 Malfunctioning in the dopamine system can contribute to movement disorders including Parkinson‘s
     disease. Parkinson‘s is most common in elderly people, and available evidence suggests that it
     results from an inherited sensitivity to an as yet unidentified environmental factor or toxin. Treatment
     includes using drugs that enable neurons to make more dopamine or that stimulate dopamine

                              Major Neurotranmitters and their Functions
 GABA – gamma-amino-butyric-acid –
    is the major inhibitory neurotransmitter.
    Helps you calm down and fall asleep.
    A malfunctioning system can result in Huntington‘s disease an inherited disorder that results in the
     loss of many GABA – containing neurons. When they are lost the dopamine systems may run wild.
     The effects are in some ways the opposite of those with Parkinson‘s disease: Instead of being
     unable to begin movements, the victim is plagued by uncontrollable movement of the arms and legs.

 Glutamate – is the major excitatory neurotransmitter –
    used by more neurons than any other neurotransmitter.
    It‘s synapses are located mostly in the cerebral cortex and in the hippocampus.
    Glutamate strengthens the brain‘s ability to transfer messages from one neuron to another.
    It is believed that it could be the root of learning and memory.
    Over-activity of glutamate causes neurons to die. It literally ―excites neurons to death‖.
    Blocking glutamate receptors immediately after brain trauma can prevent permanent brain damage.

                             Major Neurotranmitters and their Functions
 Endorphins –
    The term refers to any neurotransmitter that can bind to the same receptors stimulated by opiates
     (i.e. morphine).
    These neurotransmitters are actually 100 times as strong as the chemically introduced opiates like
     morphine and heroin.
    The body relies on them to act as a pain reducer when injured.
    The introduction of synthetic opiates that mimic endorphins can disrupt the system that produces the
     endorphins and cause permanent damage.

                                         Alzheimer‘s Disease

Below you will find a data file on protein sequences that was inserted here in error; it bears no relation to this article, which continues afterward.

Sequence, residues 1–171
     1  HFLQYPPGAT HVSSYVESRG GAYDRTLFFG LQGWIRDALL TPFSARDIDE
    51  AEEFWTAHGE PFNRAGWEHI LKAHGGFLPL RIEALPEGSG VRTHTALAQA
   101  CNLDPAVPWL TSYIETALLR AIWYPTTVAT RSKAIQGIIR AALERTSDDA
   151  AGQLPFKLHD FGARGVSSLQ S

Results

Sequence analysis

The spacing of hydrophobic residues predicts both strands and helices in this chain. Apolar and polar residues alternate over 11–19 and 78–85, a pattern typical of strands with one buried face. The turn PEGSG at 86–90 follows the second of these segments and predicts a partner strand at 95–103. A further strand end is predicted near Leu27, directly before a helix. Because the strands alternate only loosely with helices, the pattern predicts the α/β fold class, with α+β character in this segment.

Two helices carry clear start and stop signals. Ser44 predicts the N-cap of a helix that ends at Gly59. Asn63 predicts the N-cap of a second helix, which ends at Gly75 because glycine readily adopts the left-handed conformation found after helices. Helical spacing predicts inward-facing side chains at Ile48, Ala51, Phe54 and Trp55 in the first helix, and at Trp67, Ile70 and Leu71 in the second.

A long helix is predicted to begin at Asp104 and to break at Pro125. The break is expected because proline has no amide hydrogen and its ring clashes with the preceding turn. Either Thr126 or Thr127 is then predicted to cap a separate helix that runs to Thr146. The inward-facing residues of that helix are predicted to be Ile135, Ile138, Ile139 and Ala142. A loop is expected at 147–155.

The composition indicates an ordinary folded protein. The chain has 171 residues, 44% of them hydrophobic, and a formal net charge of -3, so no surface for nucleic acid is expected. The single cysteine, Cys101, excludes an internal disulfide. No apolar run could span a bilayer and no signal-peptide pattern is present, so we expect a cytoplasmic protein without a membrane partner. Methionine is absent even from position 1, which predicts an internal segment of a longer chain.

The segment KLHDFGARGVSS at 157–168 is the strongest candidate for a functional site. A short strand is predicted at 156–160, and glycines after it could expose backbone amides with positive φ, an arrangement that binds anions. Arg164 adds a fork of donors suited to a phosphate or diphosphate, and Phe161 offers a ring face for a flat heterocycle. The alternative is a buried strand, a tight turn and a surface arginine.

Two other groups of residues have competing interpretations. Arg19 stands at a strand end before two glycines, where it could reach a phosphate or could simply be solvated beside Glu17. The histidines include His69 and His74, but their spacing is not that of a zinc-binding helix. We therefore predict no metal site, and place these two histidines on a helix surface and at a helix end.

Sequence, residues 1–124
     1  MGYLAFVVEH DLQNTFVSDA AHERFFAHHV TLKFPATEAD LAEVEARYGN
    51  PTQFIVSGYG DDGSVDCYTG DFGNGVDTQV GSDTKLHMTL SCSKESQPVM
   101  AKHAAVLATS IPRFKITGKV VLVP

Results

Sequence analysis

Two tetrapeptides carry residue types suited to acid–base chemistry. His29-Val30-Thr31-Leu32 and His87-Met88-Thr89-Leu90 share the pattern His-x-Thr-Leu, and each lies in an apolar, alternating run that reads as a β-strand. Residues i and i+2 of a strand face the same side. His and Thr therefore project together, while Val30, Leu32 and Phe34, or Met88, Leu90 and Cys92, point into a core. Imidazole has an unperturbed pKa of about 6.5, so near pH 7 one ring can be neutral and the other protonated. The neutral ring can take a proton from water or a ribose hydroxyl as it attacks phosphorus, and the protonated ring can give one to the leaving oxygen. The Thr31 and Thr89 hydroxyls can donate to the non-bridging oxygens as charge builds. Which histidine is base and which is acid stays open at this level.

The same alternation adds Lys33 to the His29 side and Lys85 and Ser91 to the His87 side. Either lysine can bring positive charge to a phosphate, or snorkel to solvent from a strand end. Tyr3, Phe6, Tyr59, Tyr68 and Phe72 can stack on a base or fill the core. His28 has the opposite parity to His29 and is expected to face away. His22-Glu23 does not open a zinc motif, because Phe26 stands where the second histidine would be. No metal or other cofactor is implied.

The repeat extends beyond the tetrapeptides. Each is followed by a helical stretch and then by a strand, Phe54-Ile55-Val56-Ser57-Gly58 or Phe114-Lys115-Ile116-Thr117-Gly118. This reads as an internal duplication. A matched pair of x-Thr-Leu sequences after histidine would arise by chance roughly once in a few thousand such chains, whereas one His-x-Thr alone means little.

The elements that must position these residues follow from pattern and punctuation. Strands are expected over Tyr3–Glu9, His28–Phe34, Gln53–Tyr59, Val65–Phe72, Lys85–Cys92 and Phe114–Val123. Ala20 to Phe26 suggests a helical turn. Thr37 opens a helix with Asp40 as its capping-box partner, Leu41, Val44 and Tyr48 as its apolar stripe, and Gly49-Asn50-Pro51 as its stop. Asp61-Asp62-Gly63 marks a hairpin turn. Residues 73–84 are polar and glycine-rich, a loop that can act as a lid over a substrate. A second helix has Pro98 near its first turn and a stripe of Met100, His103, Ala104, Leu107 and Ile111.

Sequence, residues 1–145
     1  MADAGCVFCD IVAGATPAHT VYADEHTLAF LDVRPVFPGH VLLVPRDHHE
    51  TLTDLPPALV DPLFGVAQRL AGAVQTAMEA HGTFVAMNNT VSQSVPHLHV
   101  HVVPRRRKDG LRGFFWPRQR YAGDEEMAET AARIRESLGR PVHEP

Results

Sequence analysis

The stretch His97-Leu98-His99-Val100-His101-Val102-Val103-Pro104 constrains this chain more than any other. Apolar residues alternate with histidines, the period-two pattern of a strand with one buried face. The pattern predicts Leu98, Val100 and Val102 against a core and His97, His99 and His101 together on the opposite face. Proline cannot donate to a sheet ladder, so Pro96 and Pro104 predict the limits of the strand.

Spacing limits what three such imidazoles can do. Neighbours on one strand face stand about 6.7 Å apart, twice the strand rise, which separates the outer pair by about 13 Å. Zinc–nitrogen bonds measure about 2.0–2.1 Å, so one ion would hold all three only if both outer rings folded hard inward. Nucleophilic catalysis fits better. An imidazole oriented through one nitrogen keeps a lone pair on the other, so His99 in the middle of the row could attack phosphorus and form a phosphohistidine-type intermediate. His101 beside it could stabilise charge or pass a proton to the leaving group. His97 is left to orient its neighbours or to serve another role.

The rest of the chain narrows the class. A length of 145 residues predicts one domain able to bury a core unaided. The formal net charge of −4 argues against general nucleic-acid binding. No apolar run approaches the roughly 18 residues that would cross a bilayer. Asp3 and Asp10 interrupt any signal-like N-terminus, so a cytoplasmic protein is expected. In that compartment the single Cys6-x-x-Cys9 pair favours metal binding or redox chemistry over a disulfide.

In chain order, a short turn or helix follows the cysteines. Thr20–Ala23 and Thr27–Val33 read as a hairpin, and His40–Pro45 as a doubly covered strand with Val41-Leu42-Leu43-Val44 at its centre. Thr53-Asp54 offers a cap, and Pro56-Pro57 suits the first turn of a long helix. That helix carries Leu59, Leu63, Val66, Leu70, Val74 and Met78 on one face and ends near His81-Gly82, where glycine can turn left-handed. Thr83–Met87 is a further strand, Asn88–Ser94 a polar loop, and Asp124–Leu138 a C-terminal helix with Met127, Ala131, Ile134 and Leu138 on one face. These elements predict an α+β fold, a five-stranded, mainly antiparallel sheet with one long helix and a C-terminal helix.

 Deterioration of memory, reasoning and language skills
 Symptoms may be due to loss of ACh neurons

                                            Parkinson‘s Disease
 Results from loss of dopamine-producing neurons in the substantia nigra
 Symptoms include:
    difficulty starting and stopping voluntary movements

    tremors at rest
       stooped posture
       rigidity
       poor balance
                                           Parkinson‘s Disease
 Treatments:
    L -d o p a
    transplants of fetal dopamine-producing substantia nigra cells
    adrenal gland transplants
    electrical stimulation of the thalamus to stop tremors

                                         Neural Communication
 Released by organs, including the stomach, intestines, kidneys and the brain
 Also released by a set of glands called the endocrine system

                                        Hormones vs. Neurotransmitters
 Distance traveled between release and target sites
    hormones travel longer distances
    neurotransmitters - travel across a synaptic cleft (20 nm)
 Speed of communication
    hormones - slower communication
    neurotransmitters - rapid, specific action
                                                 Pituitary Gland
 ―Master endocrine gland‖
 Produces hormones that control hormone production in other endocrine glands
                                                 Pituitary Gland
 Also produces growth hormones
 Too little pituitary activity produces dwarfism
 Too much leads to gigantism
                                                 Pituitary Gland
 Also involved in breastfeeding
 Produces prolactin
    stimulates milk production
 Produces oxytocin
    involved in milk release
                                                 Adrenal Glands
 Involved in stress response
 Hormones released include:
    epinephrine (a.k.a. adrenaline)
    norepinephrine (a.k.a. noradrenaline)
                                                Endocrine Glands
 Thyroid gland - metabolism
 Pineal gland - sleep and wakefulness
 Pancreas - regulates blood sugar level
 Ovaries and testes - secrete sex hormones such as testosterone and estrogen
                                   Neural and Hormonal Systems: Summary
 Autonomic Nervous System
    the part of the peripheral nervous system that controls the glands and the muscles of the internal
      organs (such as the heart)
 Sympathetic Nervous System
    division of the autonomic nervous system that arouses the body, mobilizing its energy in stressful
 Parasympathetic Nervous System
    division of the autonomic nervous system that calms the body, conserving its energy
                                    Neural and Hormonal Systems: Summary
 Nerves